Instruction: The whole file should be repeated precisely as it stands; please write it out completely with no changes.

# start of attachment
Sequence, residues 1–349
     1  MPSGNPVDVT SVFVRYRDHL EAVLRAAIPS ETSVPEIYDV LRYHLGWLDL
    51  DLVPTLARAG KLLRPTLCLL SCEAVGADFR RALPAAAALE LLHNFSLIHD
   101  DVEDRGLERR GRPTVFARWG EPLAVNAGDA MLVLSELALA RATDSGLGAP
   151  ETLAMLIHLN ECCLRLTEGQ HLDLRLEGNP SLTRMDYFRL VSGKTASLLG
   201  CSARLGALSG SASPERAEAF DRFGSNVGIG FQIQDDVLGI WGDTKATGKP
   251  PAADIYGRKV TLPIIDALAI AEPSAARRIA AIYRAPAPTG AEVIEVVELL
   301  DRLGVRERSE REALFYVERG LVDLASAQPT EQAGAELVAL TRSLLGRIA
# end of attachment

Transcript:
Sequence, residues 1–349
     1  MPSGNPVDVT SVFVRYRDHL EAVLRAAIPS ETSVPEIYDV LRYHLGWLDL
    51  DLVPTLARAG KLLRPTLCLL SCEAVGADFR RALPAAAALE LLHNFSLIHD
   101  DVEDRGLERR GRPTVFARWG EPLAVNAGDA MLVLSELALA RATDSGLGAP
   151  ETLAMLIHLN ECCLRLTEGQ HLDLRLEGNP SLTRMDYFRL VSGKTASLLG
   201  CSARLGALSG SASPERAEAF DRFGSNVGIG FQIQDDVLGI WGDTKATGKP
   251  PAADIYGRKV TLPIIDALAI AEPSAARRIA AIYRAPAPTG AEVIEVVELL
   301  DRLGVRERSE REALFYVERG LVDLASAQPT EQAGAELVAL TRSLLGRIA